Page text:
However, that’s not the question at the moment. Question isn’t ‘What sort of education system do you ideally want?’. It’s ‘Do you think the education system as it stands is better than a deregulated system?’

    And people have all sorts of concerns about that. They’re worried that schools will go private: that possibly they’ll be stuck paying fees for a younger child if they want them educated with an older child. They’re worried that a London-like situation will prevail – with children sitting multiple tests for a few selective schools, or buying houses to be in the catchment areas of better schools.

    Furthermore, there doesn’t seem to be a concrete plan for an excellent comprehensive system. I don’t doubt it could be done, but I’d want to see the money. I just don’t believe that my daughter’s secondary school can, without extra funding, suddenly next year take the bright child and get them the 10 As they need, if they want to go into medicine.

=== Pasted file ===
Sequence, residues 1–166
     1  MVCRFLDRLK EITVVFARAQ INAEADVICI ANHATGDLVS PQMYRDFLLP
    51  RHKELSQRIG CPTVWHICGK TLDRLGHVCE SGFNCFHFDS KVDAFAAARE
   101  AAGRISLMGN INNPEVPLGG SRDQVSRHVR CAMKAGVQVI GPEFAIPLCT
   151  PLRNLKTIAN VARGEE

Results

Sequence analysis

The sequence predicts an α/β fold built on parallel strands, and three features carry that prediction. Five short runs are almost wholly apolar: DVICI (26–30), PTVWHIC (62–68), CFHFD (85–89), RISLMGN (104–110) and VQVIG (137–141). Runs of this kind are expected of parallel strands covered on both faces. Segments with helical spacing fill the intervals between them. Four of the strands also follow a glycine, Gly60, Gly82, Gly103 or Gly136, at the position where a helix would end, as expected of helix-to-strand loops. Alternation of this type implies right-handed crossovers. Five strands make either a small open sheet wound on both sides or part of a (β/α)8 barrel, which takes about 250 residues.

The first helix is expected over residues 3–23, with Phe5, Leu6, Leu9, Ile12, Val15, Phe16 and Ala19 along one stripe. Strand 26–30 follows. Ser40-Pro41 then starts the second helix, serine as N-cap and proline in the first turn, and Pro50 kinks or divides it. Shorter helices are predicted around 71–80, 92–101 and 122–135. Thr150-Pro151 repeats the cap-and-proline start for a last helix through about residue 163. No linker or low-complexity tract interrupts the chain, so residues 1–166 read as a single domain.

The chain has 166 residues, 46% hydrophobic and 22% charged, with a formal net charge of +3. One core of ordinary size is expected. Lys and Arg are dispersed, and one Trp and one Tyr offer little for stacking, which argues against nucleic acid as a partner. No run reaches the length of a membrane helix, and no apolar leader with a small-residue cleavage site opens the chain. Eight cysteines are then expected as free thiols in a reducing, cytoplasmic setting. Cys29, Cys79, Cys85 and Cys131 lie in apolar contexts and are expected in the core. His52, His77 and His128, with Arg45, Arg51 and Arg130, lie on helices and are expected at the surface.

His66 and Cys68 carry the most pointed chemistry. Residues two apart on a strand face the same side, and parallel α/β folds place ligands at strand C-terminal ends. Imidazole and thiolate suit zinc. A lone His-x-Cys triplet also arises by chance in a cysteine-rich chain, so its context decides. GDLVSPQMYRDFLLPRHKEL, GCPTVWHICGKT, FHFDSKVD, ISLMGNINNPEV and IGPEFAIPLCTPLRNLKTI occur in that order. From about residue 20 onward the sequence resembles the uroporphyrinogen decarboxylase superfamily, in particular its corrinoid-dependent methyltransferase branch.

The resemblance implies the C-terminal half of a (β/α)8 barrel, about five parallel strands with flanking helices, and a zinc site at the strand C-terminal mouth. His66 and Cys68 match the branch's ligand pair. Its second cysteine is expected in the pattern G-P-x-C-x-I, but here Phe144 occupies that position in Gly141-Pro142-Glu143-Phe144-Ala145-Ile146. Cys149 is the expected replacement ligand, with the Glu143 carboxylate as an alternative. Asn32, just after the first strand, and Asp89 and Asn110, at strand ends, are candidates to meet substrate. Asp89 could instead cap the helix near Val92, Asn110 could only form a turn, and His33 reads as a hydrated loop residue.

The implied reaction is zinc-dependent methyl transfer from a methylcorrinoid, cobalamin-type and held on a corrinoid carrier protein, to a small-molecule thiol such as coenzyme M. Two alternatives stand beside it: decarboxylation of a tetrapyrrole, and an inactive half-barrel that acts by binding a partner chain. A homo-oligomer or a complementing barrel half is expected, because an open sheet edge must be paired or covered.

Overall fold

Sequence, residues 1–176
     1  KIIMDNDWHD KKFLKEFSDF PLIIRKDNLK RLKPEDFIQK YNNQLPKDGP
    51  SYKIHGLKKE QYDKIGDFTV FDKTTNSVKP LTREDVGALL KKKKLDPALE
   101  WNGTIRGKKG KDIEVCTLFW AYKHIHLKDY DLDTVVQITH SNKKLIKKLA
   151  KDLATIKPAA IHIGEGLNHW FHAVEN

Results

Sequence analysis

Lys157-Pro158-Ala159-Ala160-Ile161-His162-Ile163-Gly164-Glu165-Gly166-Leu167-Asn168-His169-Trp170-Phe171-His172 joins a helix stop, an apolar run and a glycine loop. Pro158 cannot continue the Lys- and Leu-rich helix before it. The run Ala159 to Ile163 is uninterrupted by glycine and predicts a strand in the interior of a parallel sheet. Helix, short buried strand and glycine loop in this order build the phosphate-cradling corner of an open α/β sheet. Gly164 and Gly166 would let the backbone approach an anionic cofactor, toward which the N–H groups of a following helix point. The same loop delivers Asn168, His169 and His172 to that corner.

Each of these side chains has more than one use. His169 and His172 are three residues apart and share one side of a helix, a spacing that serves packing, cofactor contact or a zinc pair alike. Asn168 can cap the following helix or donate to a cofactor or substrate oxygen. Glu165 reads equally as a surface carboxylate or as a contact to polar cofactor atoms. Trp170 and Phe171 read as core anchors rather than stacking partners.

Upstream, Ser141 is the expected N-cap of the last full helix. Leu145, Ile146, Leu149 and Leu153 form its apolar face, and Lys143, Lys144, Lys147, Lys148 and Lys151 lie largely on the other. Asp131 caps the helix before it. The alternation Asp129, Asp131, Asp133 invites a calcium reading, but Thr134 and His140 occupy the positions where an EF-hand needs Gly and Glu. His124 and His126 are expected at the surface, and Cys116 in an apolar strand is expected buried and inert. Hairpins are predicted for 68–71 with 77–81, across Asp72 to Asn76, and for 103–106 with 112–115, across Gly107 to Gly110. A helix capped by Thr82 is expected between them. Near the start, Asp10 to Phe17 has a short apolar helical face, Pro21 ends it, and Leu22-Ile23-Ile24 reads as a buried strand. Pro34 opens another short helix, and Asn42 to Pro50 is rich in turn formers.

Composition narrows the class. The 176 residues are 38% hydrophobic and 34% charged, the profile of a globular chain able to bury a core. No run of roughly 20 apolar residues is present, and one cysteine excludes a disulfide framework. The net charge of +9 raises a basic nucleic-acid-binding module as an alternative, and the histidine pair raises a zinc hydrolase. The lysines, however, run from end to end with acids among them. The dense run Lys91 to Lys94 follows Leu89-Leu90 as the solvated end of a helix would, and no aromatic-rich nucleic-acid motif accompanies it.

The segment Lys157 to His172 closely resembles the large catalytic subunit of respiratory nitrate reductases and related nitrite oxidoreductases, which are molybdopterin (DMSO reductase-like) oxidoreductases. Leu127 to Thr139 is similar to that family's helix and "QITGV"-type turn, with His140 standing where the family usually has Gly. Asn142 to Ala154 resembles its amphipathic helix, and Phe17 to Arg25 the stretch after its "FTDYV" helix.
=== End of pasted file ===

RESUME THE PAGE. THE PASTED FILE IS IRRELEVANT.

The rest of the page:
This doesn’t effect my children, Mick, so I’m not – I don’t think – motivated by a need to retain privilege.
    I just don’t see where the excellent system you talk about can come from unless the change is managed and properly funded.

  • seniorhas

    For the benefit of barnshee et al,if Ruane junior lived in the RoI when her parent applied for a Year 8 place at a Newry GS she could only have obtained a place in a NI Grammar School if there were places remaining after all the applicants, of whatever grade and none, from Northern Ireland had been accepted and there were still places remaining.Given this unlikely situation, unless it was an unusual year, then either Ms Ruane would have had to prove that the child was living in “The North” or there is another reason. If Ms Ruane applied for a place when her daughter left a primary school in “The South” then it would be up to the Newry GS to make a decision as to her suitability for a GS place in Year 9.